November 14, 2006
Speak, and be heard while raising awareness on the arts. The Thomas Jefferson Center for the Protection of Free Expression is helping some people do just that.
Hundreds of people around Charlottesville entered a poetry and song-writing contest focusing on the freedom of speech. The Thomas Jefferson Center picked ten finalists from each category, and allowed the poets to write theirs on the freedom of speech monument downtown.
"Promoting the arts is actually a great way to protect free expression because the arts reminds us on an emotional level the benefits of free expression. Sometimes we too often forget when we are confronted with speech we don't like," said Josh Wheeler of the Thomas Jefferson Center for the Protection of Free Expression.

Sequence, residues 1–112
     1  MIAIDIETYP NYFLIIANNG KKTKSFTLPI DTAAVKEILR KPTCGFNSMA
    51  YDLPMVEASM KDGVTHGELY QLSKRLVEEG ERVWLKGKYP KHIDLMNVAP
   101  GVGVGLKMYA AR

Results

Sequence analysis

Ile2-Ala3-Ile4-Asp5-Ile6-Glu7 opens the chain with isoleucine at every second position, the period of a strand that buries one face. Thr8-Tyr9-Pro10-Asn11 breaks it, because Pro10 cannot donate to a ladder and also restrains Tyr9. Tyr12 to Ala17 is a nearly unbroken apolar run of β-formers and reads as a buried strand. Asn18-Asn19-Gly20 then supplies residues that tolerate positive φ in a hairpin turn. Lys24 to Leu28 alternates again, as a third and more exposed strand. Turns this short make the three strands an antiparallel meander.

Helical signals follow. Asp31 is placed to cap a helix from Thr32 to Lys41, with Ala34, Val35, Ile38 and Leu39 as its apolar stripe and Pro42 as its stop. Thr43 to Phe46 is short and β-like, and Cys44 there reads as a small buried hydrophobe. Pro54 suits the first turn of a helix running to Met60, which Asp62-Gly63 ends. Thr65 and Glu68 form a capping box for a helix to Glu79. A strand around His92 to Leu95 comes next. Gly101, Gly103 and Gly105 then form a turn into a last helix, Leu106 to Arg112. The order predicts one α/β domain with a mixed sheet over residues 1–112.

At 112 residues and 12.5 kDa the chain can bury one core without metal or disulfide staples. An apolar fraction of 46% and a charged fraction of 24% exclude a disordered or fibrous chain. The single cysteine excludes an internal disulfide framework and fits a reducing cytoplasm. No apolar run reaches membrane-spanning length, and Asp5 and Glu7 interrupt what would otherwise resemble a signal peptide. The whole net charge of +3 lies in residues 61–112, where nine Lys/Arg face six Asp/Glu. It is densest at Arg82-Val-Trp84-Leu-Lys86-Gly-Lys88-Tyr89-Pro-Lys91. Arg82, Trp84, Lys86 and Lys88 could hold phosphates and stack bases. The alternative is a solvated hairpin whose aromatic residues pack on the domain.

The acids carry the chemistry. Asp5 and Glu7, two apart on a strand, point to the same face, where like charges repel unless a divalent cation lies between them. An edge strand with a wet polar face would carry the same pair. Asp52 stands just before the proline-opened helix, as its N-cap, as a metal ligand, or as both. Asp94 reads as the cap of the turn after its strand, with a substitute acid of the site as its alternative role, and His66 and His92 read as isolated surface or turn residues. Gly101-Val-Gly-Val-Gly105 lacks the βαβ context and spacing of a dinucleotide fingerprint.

The finalists will perform their songs and read their poems at Starr Hill to be judged by Boyd Tinsley and Rita Dove.
Viewers with disabilities can get assistance accessing this station's FCC Public Inspection File by contacting the station with the information listed below. Questions or concerns relating to the accessibility of the FCC's online public file system should be directed to the FCC at 888-225-5322, 888-835-5322 (TTY), or email@example.com.